The Rideau Valley Conservation Authority will give a tour of its revitalized pond project.

There will also be an information tent featuring local organizations that focus on birds and many aspects of their interesting lives. Bring just yourself or the whole family and have a free, fun, interesting and educational experience that will open a door to the fascinating world of birds!

For more information visit: http://naturecanada.ca/news/blog/ottawa-bird-day-2017/

To get to Brewer Park across from Carleton University:

Bus Routes 4, 7, 104, or take the O-Train Trillium Line to Carleton University and walk across Bronson. There is also limited parking on-site and at Carleton University.

Jane’s Walk Ottawa 2017

It’s Jane’s Walk time!

This annual series of walks explores and celebrates well-known and not-so-well-known public spaces, connects people with the built and natural environments around them, and sheds light on what makes for a liveable city.

Update: Jane’s Walk Ottawa is still on despite the rain, but check the Jane’s Walk Ottawa website to make sure the walk you want to attend hasn’t been cancelled due to wet conditions or flooding.

What makes Jane’s Walk particularly compelling is that the walks are led by local residents: storytellers, historians, scientists, community organizers, neighbours and others who volunteer to share their perspectives on parts of the city they know. The walks are free and open to everyone.

This year, Jane’s Walk in Ottawa-Gatineau takes place May 6-7. The 50+ local walks happen at the same time as thousands more around the world, all commemorating the ideas of writer and activist Jane Jacobs. Jacobs advocated for people-centred urban planning, building on the “intricate sidewalk ballet” of informal neighbourhood activities, for example, and for vibrant, accessible neighbourhoods.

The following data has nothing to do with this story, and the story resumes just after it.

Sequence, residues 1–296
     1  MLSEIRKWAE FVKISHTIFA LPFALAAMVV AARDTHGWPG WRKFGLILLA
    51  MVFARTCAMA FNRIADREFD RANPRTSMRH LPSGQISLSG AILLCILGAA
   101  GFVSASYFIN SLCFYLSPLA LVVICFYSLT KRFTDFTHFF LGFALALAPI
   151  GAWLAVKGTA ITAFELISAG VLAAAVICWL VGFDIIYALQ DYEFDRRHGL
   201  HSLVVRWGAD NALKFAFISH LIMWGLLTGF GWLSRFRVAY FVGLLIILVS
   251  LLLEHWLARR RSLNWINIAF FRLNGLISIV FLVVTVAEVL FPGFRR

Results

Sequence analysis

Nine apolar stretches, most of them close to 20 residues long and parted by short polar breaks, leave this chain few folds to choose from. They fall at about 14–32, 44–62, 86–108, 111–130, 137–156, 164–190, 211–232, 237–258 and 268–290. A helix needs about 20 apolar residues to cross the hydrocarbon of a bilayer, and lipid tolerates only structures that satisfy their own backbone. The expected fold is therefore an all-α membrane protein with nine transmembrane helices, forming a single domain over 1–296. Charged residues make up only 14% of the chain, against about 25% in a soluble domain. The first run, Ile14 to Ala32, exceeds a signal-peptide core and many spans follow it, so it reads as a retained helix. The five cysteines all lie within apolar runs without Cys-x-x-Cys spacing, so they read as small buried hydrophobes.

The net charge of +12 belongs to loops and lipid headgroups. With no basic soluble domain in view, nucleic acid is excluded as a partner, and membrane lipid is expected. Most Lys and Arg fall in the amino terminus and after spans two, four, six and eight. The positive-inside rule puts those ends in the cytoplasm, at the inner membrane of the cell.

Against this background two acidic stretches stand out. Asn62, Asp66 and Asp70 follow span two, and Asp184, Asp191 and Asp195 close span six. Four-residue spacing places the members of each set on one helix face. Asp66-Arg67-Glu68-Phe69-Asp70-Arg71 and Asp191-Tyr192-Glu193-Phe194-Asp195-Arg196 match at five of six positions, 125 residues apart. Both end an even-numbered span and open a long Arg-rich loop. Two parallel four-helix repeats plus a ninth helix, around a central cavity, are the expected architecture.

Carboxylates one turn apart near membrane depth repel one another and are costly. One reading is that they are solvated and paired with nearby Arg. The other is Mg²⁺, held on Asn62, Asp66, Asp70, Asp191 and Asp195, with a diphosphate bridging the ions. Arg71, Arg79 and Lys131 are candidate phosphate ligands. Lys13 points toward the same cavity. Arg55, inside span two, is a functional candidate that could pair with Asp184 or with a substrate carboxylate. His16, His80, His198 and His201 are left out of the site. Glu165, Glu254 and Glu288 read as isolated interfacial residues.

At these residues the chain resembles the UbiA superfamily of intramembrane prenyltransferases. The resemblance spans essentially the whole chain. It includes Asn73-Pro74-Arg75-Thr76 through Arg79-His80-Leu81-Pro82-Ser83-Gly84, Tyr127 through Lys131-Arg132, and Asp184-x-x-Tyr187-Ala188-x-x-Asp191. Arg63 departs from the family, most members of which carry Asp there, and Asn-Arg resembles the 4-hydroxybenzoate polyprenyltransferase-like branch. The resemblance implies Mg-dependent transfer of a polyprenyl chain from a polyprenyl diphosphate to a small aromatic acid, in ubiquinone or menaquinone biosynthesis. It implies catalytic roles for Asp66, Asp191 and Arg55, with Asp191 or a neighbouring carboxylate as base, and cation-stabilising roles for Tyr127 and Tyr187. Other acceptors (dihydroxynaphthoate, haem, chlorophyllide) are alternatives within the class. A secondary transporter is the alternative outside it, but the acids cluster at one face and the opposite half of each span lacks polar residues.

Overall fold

There are so many great walks this weekend that it’s hard to list them here, so check out the full schedule at janeswalkottawa.ca. Here’s just a sample of what’s available to discover:

  • Envision Elgin St., Stittsville Main St., Rideau St. or Bank St. as redesigned lively, walkable community streets;
  • Take a foodie tour focused on local, organic food in Centretown;
  • See downtown through the eyes of an Indigenous woman, or from the points of view of people who have experienced homelessness, or from other perspectives;
  • Examine the past, present and future of Lebreton Flats; land use in the Central Experimental Farm; or the shift of a disused railway line into a green corridor;
  • Learn about Indigenous people’s relationship with the Ottawa and Gatineau Rivers, colonialism, industrialization, urban planning, resistance and resurgence;
  • Find wild, edible plants growing in the heart of the city;
  • Check out Little Free Libraries in the Glebe;
  • Discover how downtown buildings can be made more bird-friendly;
  • Explore the connections between urban design and health in the Carling/Merivale area;
  • Learn about the ecology and restoration of the Pinhey Sand Dunes.

Also see the Jane’s Walk Ottawa and Jane’s Walk websites for more information about Jane Jacobs’ life and work. (Check out Ten Big Ideas drawn from Jane Jacob’s work.)

Hope to see you on a walk!

Posted by Denise Deby.